Oh, that’s right – there is no official “person” synset inside the ILSVRC image set! So don’t worry about those out of date hair styles or clothes!
There are better datasets out there. Bottom line – people are moving to other data sets and you should too.
The TFOD flow is easy to follow – provided you use the right tensorflow version.
You TFOD is not compatible with tensorflow 2.0. You have to use the 1.x series.
I am using anaconda to download tensorflow-gpu version 1.15.0. To do this type “conda install tensorflow-gpu=1.15.0” (inside an activated anaconda instance)
You then grab the TFOD library, as per the website
Make sure you actually feed TFOD data, else you get weird hanging-like behavior.
At some point i found that tensorflow was crashing because a bounding box was outside the image.
In the process of fixing tht i introduced a bug that caused zero records to be sent to tensorflow
When i then ran a training loop I saw tensorflow progress as usual until it reported it had loaded libcublas: “Successfully opened dynamic library libcublas.so.10.2”
I thought this was a tensorflow issue, and even found a github issue for it Successfully opened dynamic library libcublas.so.10.0′ – however this was all a red herring. It was NOT because of tensorflow, it was just because my bounding box fix had eliminated all bounding boxes. Once i fixed that alll was well
Make sure you provide enough discriminatory data. E.g. if you want to find squirrels, don’t just train on the squirrel set, otherwise your detector will think almost anything that looks like an object is a squirrel. Add in a few other data sets and you will find that squirrels are squirrels and everything else is hit or miss.
It is fairly easy to check out and build dlib. Getting it to work in a performance-optimized manner – python bindings included -takes a little more work.
Per the dlib github one can build the bindings by simply issuing:
python setup.py install
First problem I found is that the setup process decided to latch on to an old version of CUDA. That was my bad – fixed by moving my PATH variable to point to the new cuda’s bin dir.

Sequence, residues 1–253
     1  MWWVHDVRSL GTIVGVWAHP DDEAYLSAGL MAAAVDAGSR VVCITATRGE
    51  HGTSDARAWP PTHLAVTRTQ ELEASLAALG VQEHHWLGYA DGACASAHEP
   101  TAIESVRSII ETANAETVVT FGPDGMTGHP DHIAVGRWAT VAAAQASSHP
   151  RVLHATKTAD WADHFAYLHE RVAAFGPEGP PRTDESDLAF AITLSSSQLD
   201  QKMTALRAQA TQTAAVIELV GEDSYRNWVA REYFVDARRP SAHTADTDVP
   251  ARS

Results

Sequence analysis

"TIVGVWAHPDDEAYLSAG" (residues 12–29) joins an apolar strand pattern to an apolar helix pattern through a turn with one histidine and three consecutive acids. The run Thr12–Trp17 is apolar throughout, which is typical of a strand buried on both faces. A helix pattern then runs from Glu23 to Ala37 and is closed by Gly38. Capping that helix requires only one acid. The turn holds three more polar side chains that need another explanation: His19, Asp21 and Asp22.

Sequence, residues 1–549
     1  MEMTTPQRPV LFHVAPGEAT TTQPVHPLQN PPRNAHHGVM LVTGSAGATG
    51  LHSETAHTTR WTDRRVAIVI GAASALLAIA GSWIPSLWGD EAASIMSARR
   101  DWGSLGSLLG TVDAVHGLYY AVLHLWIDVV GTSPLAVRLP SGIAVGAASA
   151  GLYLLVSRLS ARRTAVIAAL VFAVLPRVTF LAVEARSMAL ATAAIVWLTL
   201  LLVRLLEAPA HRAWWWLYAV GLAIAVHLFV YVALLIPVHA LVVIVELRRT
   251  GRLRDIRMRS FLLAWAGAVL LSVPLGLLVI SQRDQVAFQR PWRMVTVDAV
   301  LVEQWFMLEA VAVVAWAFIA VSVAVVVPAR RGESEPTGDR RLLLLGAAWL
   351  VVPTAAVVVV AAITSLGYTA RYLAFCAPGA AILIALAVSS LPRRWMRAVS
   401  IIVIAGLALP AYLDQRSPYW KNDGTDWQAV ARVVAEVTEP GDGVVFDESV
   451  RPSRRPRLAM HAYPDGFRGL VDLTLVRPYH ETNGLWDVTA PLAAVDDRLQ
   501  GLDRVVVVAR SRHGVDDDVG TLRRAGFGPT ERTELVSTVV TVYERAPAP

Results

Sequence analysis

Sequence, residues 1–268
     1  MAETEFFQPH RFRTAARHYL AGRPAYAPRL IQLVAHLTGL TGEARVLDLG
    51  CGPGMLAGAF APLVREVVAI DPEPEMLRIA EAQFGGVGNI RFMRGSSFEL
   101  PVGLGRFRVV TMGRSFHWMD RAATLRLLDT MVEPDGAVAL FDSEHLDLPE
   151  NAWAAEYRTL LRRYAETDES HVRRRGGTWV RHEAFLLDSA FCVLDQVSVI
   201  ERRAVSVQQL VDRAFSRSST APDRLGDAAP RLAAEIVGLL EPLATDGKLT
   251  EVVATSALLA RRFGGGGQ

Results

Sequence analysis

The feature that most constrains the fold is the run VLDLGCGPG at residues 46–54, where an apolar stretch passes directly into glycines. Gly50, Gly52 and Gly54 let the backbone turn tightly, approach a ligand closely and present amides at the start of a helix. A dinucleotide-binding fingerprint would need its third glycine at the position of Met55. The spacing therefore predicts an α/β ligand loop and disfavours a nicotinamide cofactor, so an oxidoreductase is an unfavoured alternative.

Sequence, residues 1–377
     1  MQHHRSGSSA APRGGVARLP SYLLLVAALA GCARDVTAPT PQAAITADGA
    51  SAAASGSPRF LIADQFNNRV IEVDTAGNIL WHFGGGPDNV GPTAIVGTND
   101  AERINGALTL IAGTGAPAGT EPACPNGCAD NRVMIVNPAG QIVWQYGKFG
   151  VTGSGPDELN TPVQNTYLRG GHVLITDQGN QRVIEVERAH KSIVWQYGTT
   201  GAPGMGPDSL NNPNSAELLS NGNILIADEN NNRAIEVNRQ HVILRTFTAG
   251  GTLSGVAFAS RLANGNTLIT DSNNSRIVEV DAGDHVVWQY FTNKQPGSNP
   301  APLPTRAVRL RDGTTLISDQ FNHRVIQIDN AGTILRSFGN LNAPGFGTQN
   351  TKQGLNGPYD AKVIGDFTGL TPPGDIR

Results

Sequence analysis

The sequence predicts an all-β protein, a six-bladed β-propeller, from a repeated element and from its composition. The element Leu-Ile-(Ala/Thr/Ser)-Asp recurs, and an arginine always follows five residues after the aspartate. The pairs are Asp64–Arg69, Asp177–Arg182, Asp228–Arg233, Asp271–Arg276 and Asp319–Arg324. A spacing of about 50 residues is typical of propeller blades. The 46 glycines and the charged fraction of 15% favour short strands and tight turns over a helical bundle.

Second problem is that during compilation I saw the following:
Invoking CMake build: 'cmake --build . --config Release -- -j12'
[ 1%] Building NVCC (Device) object dlib_build/CMakeFiles/dlib.dir/cuda/dlib_generated_cusolver_dlibapi.cu.o
[ 2%] Building NVCC (Device) object dlib_build/CMakeFiles/dlib.dir/cuda/dlib_generated_cuda_dlib.cu.o
/home/carson/code/2020/facenet/dlib/dlib/cuda/cuda_dlib.cu(1762): error: calling a constexpr __host__ function("log1p") from a __device__ function("cuda_log1pexp") is not allowed. The experimental flag '--expt-relaxed-constexpr' can be used to allow this.
As it suggests this is resolved by passing in a flag to the compiler. To do this modify the setup.py line:
Expect no witty sayings or clever analyses here – I just think GPUs are cool. And here are a few reasons why:
Exhibit A: Machine Learning Training a standard feed forward neural net on CIFAR-10 progresses at 50usec/sample; my 2.4 Ghz i7 takes almost 500usec/sample. The total set takes around 5 min to train on the GPU vs over a 35 min on my CPU. On long tasks this means a difference of days to weeks.
Exhibit B: Video transcoding In order to make backups of all my blu-ray disks, I rip and transcode them using ffmpeg or handbrake. Normally Im lucky to get a few dozen frames per second – completely making out my CPU during the process. By compiling ffmpeg to include nvenc/cuda support I get 456 fps (19x faster). As the screenshots show, my avg cpu usage was below 20% – and even GPU usage stayed under 10%. Video quality was superb (i couldnt tell the difference).